Los Angeles, CA — June 2010
On June 2, 2010, the Central District Court of California granted complete summary judgment to LTL’s clients in a hotly contested copyright and trade dress case. Firm partner Enoch H. Liang-together with attorneys Daniel Taylor and Daniel Yu-defended Bedrosian’s (in Orange County) and Hirsch Glass Company (in New Jersey) against a multi-million claim brought by a well-known glass tile manufacturer and distributor.
Initially, the Court only dismissed the plaintiff’s trade dress claims, noting its “failure to produce any evidence that is properly considered in connection with a secondary meaning analysis of a trade dress claim under the Lanham Act.” However, the Court ruled that the Plaintiff’s 17 copyright claims survived for trial.
Nevertheless, LTL managed to convince the Court to take a second look at the copyright claims. Less than 4 days before trial was scheduled to begin, the Court also dismissed the 17 copyright claims. Specifically, the Court ruled “that there is no substantial similarity (much less virtual identity) insofar as the protectable items are concerned as between Plaintiff’s copyrighted products and Defendants’ glass tiles.”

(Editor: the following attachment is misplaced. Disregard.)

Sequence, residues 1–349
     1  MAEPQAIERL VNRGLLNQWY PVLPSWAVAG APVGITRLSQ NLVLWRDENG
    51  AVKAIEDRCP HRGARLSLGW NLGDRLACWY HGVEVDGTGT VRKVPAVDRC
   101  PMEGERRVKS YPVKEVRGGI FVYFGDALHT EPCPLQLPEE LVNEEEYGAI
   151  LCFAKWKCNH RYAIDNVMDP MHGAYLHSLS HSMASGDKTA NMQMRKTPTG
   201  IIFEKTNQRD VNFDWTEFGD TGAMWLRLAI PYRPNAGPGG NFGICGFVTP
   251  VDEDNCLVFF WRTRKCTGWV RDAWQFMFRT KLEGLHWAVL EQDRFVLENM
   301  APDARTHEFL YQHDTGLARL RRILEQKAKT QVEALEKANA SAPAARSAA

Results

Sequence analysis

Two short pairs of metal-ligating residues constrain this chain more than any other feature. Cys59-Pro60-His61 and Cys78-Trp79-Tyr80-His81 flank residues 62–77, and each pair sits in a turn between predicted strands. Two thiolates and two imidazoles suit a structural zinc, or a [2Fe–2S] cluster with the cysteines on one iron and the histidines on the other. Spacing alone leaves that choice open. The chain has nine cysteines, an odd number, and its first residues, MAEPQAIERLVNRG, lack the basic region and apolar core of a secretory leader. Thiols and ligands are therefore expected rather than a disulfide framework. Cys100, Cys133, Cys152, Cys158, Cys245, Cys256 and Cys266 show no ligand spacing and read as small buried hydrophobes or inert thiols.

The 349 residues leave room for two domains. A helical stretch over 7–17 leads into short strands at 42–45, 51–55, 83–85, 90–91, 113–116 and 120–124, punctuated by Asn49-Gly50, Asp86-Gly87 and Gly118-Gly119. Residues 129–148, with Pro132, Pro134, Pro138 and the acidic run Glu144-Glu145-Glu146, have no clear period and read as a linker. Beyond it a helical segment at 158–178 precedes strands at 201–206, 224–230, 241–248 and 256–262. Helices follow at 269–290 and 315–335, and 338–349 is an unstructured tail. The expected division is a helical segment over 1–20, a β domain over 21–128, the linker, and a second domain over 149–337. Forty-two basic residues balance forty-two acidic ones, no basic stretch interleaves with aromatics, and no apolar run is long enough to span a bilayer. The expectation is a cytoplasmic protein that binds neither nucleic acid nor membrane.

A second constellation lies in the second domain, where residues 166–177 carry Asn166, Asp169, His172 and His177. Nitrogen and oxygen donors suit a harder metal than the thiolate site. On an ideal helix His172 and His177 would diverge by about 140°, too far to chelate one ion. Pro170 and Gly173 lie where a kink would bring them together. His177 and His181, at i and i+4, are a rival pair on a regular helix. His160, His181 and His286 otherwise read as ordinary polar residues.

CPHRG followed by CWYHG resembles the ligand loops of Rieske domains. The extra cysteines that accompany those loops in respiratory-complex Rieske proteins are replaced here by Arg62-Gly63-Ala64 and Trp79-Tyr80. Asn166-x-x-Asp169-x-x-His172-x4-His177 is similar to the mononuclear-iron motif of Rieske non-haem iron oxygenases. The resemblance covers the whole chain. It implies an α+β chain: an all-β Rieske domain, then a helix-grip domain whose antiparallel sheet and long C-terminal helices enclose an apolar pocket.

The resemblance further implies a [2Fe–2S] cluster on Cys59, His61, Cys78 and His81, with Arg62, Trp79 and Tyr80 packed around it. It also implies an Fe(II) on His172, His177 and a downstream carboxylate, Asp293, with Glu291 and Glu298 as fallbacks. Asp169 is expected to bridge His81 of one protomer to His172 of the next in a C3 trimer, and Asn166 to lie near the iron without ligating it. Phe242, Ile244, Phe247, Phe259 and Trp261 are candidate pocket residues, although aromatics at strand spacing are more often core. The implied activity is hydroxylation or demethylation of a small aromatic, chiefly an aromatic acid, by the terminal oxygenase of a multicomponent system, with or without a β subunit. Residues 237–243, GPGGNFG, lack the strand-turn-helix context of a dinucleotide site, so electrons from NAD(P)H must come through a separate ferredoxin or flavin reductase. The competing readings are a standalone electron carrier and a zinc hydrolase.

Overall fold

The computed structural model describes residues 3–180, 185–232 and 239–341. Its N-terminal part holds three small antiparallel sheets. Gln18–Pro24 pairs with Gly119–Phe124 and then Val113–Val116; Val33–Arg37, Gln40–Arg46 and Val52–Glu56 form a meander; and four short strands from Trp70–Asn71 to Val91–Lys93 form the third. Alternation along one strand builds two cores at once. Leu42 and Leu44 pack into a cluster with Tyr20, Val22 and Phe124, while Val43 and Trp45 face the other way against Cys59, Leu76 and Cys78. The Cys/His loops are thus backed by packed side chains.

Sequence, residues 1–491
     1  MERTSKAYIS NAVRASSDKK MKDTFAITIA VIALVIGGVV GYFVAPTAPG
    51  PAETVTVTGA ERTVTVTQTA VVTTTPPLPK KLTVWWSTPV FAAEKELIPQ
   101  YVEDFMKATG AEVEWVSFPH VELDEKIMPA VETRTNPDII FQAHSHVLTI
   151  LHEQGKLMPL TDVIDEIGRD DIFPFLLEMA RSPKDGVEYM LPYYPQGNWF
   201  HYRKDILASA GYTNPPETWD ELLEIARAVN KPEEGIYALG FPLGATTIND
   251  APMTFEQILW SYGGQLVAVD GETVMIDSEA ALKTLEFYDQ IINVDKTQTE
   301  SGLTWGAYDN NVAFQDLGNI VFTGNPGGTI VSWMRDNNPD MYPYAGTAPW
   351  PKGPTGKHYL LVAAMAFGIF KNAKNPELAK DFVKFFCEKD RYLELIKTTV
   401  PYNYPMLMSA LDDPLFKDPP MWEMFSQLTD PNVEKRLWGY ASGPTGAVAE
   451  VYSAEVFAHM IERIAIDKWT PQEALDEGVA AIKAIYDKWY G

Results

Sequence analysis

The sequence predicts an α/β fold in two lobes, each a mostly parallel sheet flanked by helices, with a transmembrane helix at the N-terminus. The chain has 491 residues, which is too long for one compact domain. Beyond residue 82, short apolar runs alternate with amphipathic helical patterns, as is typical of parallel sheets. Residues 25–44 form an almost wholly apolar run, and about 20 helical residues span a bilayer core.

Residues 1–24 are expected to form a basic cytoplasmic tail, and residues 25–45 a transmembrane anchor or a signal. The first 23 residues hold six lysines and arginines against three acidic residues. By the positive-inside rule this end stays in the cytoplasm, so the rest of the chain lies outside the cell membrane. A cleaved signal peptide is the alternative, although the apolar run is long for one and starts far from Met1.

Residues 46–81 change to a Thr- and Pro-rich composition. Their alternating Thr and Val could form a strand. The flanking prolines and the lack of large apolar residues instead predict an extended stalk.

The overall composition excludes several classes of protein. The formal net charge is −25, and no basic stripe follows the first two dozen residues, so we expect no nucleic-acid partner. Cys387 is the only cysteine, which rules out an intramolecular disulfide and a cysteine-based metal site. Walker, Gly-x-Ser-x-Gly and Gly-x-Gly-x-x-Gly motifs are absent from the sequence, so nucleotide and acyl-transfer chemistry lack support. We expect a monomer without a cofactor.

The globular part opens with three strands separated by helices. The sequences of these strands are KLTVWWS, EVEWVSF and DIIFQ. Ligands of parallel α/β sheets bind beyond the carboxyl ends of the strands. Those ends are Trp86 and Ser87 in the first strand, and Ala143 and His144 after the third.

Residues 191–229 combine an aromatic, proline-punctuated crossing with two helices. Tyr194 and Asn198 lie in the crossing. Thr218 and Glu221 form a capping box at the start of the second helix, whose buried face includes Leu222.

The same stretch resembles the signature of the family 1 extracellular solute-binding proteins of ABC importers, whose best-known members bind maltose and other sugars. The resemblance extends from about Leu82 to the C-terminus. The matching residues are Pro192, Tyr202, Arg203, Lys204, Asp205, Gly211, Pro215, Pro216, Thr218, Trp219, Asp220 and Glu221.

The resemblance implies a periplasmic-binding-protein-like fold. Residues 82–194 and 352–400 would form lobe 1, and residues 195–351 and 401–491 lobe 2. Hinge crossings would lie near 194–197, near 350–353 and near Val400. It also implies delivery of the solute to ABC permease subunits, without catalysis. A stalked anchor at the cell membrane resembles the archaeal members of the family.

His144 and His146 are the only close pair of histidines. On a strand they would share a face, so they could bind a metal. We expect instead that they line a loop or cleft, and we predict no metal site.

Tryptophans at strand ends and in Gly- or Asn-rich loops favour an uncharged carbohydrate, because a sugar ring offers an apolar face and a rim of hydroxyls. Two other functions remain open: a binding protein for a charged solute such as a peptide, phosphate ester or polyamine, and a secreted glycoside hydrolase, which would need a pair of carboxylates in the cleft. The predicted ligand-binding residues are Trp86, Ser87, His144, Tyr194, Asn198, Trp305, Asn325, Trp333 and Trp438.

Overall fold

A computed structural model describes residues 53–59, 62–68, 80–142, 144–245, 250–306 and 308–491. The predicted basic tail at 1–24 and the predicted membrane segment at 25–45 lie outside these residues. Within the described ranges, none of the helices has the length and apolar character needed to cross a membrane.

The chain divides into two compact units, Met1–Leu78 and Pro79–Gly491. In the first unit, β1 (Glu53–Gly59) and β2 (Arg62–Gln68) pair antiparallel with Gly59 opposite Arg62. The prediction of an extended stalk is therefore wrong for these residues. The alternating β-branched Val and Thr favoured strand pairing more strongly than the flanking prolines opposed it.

“LTL intends to aggressively seek to recover its client’s attorneys’ fees and costs from the plaintiff,” said partner Enoch Liang, “as we vigorously seek to protect our clients’ interests.”
About LTL Attorneys LLP
LTL is a Los Angeles based law firm focusing exclusively on business and intellectual property litigation. The firm’s partners have practiced at prominent multi-national firms, and are graduates of top law schools including Harvard, Stanford, and Columbia. Primary practice areas include business disputes (breach of contract, aggrieved investors and professionals, and commercial disputes) and intellectual property litigation (patents, trademarks, copyrights, and trade secrets). What sets the firm apart is its ability to offer creative fee arrangements to meet its clients’ needs. In appropriate cases, clients pay no legal fees unless either a verdict of settlement is reached. This is the LTL difference.